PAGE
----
The most common use I’ve seen of Either is in functions that return impl Trait: If the function body produces one of two types that both implement the named trait, then Either can be used as the anonymous return type (assuming that Either implements the named trait).
The only times I've seen that have been for crate_name::Either implements crate_name:: SomeTrait - making Either a core type doesn't by itself seem to provide much value as you only save the 4 lines of the enum definition itself, and perhaps the user having to import it?
It does seem that the "ideal" core Either should be able to blanket impl "every" trait, though, which would be really nice. No idea what that looks like in actual Rust!
I think that the most common single trait I’ve seen Either used for is Iterator, where a function wants to return one of two different sequences based on a condition, and those two sequences are built through complicated adapter chains. The other implementations for std traits are similarly useful, but any individual trait implementation is fairly easy to replicate for a custom enum.
A big difference with this is that Either is binary while tuples are variadic. A variadic enum Any<...T> would a closer analog for these sorts of usecases (rather than having to nest Either<A, Either<B, Either<C, D>>>).
Just adding Either to core sidesteps basically all of the design complexities of structural sum types by virtue of being nominal and a fixed airity.
However, I think the desire here is better served by "enum impl Trait" allowing you to return multiple types implementing to the same trait as a fresh existential type (along with TAIT to be able to give the type a name).
Alternatively, this'd also be served well by some -> dyn Trait; this would compile as some -> StackBox<dyn Trait, [uAlign; SIZE]> with compiler inferred static size/align. This is very similar to -> enum impl Trait but IMHO a tiny smidgen better, as the dyn offers a clear indication of only working for object-safe traits and the dynamic dispatch involved. (In theory the optimizer could even devirtualize back to enums... but we have a track record of enum dispatch being significantly faster than dyn dispatch.)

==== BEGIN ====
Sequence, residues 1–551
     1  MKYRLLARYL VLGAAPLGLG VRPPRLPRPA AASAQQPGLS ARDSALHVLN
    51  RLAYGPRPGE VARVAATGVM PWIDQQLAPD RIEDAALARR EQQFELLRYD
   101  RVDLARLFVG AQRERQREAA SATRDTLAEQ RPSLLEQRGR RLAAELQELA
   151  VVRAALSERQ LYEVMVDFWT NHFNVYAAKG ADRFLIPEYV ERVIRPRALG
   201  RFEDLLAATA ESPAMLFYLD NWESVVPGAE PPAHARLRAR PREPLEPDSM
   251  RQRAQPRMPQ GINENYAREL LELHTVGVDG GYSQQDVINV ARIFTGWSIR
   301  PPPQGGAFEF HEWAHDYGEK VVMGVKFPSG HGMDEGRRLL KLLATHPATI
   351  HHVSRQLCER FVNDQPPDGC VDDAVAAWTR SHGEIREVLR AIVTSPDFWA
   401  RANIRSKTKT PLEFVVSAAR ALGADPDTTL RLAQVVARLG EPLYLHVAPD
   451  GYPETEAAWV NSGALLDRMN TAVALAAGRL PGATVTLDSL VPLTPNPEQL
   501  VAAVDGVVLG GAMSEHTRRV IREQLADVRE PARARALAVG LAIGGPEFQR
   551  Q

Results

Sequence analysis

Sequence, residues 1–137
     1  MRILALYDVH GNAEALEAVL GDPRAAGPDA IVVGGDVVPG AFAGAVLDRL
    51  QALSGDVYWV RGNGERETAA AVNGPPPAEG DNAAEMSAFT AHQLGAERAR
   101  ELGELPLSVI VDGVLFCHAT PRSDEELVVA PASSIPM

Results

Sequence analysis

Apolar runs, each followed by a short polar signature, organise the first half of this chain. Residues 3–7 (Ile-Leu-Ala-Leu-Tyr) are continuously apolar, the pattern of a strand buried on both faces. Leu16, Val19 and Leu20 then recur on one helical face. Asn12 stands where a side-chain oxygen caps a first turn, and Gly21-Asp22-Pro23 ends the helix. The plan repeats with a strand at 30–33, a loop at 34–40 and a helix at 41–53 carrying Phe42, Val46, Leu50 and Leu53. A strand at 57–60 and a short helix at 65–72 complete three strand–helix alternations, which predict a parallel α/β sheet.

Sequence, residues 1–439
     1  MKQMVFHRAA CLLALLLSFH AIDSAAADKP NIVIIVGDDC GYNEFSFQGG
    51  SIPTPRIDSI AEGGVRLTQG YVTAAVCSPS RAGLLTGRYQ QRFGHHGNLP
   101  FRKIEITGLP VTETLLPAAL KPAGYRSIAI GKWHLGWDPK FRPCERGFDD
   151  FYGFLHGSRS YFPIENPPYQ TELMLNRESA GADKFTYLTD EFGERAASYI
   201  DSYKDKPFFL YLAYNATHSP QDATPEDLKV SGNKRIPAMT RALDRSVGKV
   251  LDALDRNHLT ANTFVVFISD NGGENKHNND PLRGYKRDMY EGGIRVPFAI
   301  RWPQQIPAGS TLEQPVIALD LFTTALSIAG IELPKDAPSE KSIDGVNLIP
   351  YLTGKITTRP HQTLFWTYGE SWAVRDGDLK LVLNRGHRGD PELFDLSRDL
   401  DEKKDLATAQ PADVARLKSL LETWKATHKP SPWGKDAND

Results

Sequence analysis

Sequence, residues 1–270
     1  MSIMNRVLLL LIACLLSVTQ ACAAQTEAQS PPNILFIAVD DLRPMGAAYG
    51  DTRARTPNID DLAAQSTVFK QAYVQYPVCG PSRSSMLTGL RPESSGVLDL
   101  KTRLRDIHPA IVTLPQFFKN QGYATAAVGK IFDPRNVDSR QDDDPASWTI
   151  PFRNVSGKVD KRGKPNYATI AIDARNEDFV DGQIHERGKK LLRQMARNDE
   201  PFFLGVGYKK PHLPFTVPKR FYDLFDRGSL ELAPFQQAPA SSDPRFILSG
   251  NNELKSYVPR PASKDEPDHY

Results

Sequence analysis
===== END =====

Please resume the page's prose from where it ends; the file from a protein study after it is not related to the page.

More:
And on that parenthetical: this usecase should also consider if it's served by the enum_dispatch crate. The technique it uses to delegate the trait implementation is brittle, but it's a good example of what can be done in userspace.
Enum::Variant is a subtype of Enum which is only the named variant, and Enum::Variant coerces to Enum; IIRC this is (experimentally?) accepted but not yet implemented. ↩︎
The inverse of the previous, using existing types as enum variants; basically sugar for newtype variants; never actually RFCd; just discussed as potential design space. ↩︎
And similarly, might could be spelled enum dyn Trait to separate it from actual unsized returns/locals ↩︎
Although to be fair, I am somewhat biased as an author of such "inline unsized type" library support and champion of the "storage API" which makes Box itself usable as StackBox↩︎
It will break if proc macro invocations get sandboxed from each other, as it uses global state to remember between invocations on the enum and the trait; it'd be much more resilient to use the technique used by ambassador for delegating trait implementations with a decl macro instrad. ↩︎
One possibility to make it easier to implement traits for Either is to allow #[derive(Either)] on traits. I know, currently traits are derived for types, not the other way around, but there's nothing preventing us from allowing that as well.
If the Either enum and the derive macro is in the standard library, that would make it very easy to implement custom traits for Either.
If we don't want to allow #[derive] on traits, a normal attribute macro, like #[derive_either], would work, too.
Though I agree with you that just having "enum impl Trait" would probably be way better and much simpler to implement. I've also used Either for Iterators, mostly because I didn't know the auto_enums crate existed.